Photo by Patrick Mulvihill
CREWS WORK Feb. 9 on a bridge over land, called the Summit Creek Viaduct, west of Hood River. Agencies are restoring the Historic Columbia River Highway as a trail from Troutdale to The Dalles. Due to construction, the Interstate 84 right eastbound lane will be closed for a portion near milepost 51, starting Feb. 16, for the next three months.
High above Interstate 84 west of Hood River, constructions crews were hard at work Friday assembling pieces of an over-land bridge that will reconnect abandoned stretches of the Historic Columbia River Highway State Trail.
The 40-foot-tall Summit Creek Viaduct will highlight a new section of the state trail, under construction from spring 2017 to fall 2019.
The three-mile trail segment will run from Wyeth to Lindsey Creek — part of the larger effort to restore the old U.S. Highway 30 as a paved bike and pedestrian trail from Troutdale to The Dalles. About five miles await reconnection.
Drivers will see delays in the construction area, starting Friday, Feb. 16. Oregon Department of Transportation will close the eastbound lane near milepost 51 for the next three months. Transportation officials say the closure is needed to finish the trail project.
Work is on schedule for the $21 million project at Wyeth, according to ODOT and its partner agencies. The new trail segment will tie into the recently finished waterfall stretch at Starvation Creek.
Sandra Hikari with ODOT said the three-mile segment has been “a very big challenge” from design to construction due to steep terrain and its proximity to I-84.
Summit Creek Viaduct, one of the defining features of the upcoming Wyeth trail segment, will connect former highway sections. Its look draws upon designs from the original highway. Crews expect they’ll pour concrete for the structure this week.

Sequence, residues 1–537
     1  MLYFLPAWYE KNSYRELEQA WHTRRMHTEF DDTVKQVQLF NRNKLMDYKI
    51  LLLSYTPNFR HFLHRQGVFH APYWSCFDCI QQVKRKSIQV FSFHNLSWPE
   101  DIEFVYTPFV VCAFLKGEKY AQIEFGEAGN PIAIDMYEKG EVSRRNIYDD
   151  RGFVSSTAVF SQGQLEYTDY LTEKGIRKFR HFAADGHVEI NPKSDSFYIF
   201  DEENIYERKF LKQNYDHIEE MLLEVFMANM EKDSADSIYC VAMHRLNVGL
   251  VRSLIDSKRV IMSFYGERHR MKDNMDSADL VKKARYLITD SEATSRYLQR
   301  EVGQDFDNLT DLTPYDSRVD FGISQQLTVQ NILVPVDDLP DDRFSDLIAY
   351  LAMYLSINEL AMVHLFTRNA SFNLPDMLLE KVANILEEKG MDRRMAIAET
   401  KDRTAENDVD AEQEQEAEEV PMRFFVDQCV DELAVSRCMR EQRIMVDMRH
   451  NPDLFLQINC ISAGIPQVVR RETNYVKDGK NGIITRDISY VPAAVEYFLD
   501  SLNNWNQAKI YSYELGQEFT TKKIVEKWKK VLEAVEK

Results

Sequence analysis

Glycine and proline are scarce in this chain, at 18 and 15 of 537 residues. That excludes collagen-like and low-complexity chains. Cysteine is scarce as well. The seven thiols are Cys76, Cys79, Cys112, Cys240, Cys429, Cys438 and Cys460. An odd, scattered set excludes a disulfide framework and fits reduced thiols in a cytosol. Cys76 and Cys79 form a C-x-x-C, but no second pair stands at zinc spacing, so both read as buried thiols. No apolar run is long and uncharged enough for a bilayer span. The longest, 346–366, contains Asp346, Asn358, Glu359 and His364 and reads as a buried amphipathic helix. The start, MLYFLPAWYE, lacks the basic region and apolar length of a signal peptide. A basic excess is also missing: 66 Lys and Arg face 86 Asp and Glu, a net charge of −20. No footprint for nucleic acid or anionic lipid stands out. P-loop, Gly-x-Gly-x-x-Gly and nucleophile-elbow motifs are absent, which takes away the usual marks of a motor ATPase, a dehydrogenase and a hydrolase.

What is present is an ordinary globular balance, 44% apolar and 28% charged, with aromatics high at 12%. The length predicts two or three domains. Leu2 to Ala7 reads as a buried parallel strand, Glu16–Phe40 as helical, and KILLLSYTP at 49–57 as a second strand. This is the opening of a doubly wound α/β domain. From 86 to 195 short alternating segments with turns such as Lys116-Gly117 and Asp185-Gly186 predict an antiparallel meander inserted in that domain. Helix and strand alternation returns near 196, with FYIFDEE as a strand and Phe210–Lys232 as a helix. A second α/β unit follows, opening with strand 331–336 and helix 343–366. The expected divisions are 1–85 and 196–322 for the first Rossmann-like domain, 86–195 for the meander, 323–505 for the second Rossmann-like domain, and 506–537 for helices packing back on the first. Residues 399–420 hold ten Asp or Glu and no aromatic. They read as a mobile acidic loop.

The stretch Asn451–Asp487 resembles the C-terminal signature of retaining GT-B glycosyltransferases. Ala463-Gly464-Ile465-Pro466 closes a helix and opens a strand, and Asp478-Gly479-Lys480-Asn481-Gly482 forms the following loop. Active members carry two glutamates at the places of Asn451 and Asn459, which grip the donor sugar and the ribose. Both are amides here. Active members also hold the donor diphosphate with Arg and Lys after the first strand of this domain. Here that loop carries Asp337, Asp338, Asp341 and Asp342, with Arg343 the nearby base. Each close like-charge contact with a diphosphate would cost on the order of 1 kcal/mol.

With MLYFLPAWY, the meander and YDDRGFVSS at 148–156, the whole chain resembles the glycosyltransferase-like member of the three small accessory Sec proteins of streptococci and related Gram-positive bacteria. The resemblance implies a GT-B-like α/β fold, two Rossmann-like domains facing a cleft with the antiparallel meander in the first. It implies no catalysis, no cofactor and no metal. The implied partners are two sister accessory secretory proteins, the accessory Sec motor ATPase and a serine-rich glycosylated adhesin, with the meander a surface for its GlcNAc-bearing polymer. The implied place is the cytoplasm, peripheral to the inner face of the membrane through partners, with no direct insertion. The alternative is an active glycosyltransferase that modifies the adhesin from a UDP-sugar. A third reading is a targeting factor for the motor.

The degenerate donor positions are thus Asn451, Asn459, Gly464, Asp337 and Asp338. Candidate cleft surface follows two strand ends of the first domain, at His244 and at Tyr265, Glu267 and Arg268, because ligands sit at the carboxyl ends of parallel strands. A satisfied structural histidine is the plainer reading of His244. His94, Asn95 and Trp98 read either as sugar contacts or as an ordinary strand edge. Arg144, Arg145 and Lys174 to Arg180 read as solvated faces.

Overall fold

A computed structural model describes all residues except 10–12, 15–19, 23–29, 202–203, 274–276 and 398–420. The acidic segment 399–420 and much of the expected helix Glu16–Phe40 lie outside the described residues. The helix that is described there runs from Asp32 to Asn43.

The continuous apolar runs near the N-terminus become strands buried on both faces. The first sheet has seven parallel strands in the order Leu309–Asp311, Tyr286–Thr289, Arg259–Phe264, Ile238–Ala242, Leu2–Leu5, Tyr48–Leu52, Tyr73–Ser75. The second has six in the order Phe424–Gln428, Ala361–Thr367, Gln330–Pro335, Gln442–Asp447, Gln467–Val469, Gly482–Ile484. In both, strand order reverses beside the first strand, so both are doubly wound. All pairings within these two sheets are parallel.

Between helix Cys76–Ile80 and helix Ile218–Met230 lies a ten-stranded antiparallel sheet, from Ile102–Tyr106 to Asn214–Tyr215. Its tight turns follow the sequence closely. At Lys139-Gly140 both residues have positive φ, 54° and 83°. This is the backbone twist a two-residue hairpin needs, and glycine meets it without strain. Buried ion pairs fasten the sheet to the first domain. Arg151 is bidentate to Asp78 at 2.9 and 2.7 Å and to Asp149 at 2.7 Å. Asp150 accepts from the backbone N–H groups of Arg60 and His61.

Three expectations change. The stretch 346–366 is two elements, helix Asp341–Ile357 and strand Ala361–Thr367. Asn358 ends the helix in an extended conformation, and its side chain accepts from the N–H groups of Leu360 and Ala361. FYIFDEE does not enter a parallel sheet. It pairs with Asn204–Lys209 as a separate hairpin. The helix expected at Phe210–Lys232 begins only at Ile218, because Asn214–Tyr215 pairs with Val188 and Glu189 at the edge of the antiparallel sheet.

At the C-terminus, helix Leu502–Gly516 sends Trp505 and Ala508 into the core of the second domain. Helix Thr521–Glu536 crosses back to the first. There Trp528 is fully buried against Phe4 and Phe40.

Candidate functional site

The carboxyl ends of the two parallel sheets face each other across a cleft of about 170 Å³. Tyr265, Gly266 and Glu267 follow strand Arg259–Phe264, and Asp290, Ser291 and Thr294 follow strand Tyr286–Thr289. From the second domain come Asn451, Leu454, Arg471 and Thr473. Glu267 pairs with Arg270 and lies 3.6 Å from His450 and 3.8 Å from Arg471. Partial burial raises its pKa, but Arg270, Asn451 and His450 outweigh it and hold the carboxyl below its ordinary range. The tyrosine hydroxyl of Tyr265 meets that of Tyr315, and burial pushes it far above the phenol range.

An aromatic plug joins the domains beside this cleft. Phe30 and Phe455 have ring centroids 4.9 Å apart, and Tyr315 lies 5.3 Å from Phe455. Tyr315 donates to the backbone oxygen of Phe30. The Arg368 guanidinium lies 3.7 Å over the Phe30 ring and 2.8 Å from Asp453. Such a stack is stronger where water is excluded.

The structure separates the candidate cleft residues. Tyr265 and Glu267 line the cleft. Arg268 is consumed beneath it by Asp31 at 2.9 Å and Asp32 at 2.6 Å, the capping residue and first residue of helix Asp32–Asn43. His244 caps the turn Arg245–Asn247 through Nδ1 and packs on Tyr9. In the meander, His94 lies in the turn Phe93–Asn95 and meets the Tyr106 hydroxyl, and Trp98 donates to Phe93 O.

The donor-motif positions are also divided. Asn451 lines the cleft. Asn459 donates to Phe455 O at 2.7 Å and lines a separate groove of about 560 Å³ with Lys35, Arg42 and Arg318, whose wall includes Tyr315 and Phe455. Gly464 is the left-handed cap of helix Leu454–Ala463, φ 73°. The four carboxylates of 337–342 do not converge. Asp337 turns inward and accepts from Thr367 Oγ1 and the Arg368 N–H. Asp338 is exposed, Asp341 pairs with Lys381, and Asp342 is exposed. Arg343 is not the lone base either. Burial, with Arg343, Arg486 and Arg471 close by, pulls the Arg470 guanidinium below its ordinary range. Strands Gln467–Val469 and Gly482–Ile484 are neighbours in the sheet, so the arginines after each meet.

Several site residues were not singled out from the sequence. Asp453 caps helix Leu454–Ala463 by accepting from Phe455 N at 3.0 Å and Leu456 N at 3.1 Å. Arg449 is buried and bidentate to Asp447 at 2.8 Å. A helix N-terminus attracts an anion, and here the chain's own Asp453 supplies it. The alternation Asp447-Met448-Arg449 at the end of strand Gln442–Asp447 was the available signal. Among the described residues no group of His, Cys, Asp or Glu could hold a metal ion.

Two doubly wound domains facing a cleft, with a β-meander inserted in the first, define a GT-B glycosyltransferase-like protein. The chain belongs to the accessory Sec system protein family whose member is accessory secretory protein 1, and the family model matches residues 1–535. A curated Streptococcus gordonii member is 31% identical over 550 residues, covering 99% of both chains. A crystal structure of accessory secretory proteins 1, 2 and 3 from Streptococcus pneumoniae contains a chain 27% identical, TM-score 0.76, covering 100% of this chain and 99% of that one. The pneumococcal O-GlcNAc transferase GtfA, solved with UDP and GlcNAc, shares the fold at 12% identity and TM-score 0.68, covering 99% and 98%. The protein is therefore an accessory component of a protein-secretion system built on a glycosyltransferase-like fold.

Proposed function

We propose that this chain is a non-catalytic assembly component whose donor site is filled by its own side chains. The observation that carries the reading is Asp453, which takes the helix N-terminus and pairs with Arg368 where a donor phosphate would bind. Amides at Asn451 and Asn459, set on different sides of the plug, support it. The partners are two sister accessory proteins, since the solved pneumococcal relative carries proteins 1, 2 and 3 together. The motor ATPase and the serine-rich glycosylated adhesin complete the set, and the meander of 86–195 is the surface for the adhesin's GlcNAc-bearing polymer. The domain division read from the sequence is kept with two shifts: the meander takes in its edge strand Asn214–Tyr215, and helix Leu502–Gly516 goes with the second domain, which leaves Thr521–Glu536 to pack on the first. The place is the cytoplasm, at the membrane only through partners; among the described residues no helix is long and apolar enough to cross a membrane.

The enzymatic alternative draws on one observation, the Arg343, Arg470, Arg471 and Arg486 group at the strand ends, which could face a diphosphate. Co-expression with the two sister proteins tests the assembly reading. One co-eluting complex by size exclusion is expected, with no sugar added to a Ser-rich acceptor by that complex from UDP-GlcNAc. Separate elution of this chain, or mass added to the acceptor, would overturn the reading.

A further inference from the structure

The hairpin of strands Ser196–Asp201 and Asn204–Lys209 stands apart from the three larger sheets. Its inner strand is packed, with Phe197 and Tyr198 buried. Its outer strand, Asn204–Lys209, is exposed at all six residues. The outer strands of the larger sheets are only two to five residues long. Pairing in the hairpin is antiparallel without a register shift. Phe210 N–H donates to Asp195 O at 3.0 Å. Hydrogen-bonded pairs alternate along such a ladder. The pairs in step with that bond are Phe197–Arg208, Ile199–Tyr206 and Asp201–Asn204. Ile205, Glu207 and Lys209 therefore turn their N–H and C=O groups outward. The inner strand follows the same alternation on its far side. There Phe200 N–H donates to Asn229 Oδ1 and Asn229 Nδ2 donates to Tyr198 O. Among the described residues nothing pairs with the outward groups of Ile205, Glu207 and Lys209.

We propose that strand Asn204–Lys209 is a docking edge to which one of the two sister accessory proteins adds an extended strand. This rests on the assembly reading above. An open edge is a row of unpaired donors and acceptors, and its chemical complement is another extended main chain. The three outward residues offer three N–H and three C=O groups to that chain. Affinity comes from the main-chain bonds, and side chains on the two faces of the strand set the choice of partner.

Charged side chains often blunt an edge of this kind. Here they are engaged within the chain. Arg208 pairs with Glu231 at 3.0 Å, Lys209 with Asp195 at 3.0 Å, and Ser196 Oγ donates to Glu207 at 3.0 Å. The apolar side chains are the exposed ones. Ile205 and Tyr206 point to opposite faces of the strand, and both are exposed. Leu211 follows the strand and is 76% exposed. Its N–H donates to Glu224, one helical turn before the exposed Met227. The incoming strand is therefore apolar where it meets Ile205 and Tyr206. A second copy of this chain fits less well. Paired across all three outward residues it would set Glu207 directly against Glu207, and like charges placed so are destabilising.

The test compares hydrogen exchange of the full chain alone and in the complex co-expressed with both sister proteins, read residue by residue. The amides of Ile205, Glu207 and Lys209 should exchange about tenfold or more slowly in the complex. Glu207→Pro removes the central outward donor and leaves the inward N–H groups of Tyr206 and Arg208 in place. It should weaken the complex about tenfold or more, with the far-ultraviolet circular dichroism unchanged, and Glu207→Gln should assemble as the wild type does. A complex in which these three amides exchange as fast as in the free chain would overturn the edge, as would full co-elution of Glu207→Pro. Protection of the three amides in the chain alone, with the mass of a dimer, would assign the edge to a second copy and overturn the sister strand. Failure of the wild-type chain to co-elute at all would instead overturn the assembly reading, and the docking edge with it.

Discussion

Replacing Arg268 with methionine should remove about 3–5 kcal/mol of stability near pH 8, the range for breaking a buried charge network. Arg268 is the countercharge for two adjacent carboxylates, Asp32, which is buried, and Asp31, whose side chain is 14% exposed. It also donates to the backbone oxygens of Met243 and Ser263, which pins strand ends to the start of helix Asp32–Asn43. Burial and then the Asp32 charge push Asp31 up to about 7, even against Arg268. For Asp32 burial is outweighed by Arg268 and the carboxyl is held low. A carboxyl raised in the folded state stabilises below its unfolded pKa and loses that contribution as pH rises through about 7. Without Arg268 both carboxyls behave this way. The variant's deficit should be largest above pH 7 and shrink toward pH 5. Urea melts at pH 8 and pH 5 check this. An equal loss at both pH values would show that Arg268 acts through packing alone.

“It’s going to be a major attraction,” Hikari said. “That said, we are designing it so it blends in more with the natural landscape.”
Other project elements include:
•Various improvements to the Wyeth trailhead, such as a bike-fix it station, a water refill station, a restroom, and a natural habitat for pollinators such as butterflies, birds and bees.
•The “mossy road” section of highway will be restored as a relatively quiet stretch, uphill from the river-level traffic roar.
A heavy carpet of moss grew over the trail during the 50-or-so-years after construction on what became I-84 cut off both its sides. The foliage is gone now, removed to make way for a paved trail.
•Lindsey Creek Bench Cut: a series of rock blasts ODOT conducted last fall created space for the state trail. The rock cuts and a new stone wall will help the path blend in with the landscape.
•Shellrock Mountain Crossing: a tricky engineering feat will hold back the rocky cliff and squeeze in a trail behind the existing wall that protects I-84.
•A pedestrian/cyclist bridge at Gorton Creek, running parallel to the existing route for cars.
Western Federal Lands Highway Division is the project’s contract administrator, with Stellar J. Corporation, based in Woodland, Wash., serving as contractor. ODOT owns and operates the historic highway, and the agency teams up with Oregon Parks and Recreation Department to manage the state trail.
Arthur Babitz, trail advisory committee chair and former Hood River mayor, discussed the past of the historic highway and state trail endeavor during a Friday media tour.
The original route, built from 1913-1922, was the first major highway in the Pacific Northwest. It featured elaborate engineering along much of its 73 miles.
The builders, Babitz said, “developed an ethos where instead of just having a strip of asphalt from point ‘a’ to ‘b,’ the highway was far more about the experience of traveling. It (wasn’t) about getting from one place to another — it was the experience of being there.”
However, boosts in traffic and the advent of modern vehicles led to the highway’s retirement. It was phased out, as portions of I-84 took shape at river level in the mid-20th century.
In the 1980s, local efforts shifted to bringing back the former highway in a new role.
“The project that’s underway since 1986 has been to reconnect the pieces so that we have an alternative for bicycles and for other non-motorized transportation to get from Troutdale all the way to The Dalles without getting on Interstate 84,” Babitz said.
Bikes offer the ideal original highway experience, Babitz explained, since modern cycles can reach nearly the same speed as a Model T automobile.
After the Wyeth trail reopens at the tail of 2019, ODOT hopes to create a path at Mitchell Point. Advisory committee members and transportation officials are considering designs for a crossing at the rocky cape east of Wyeth.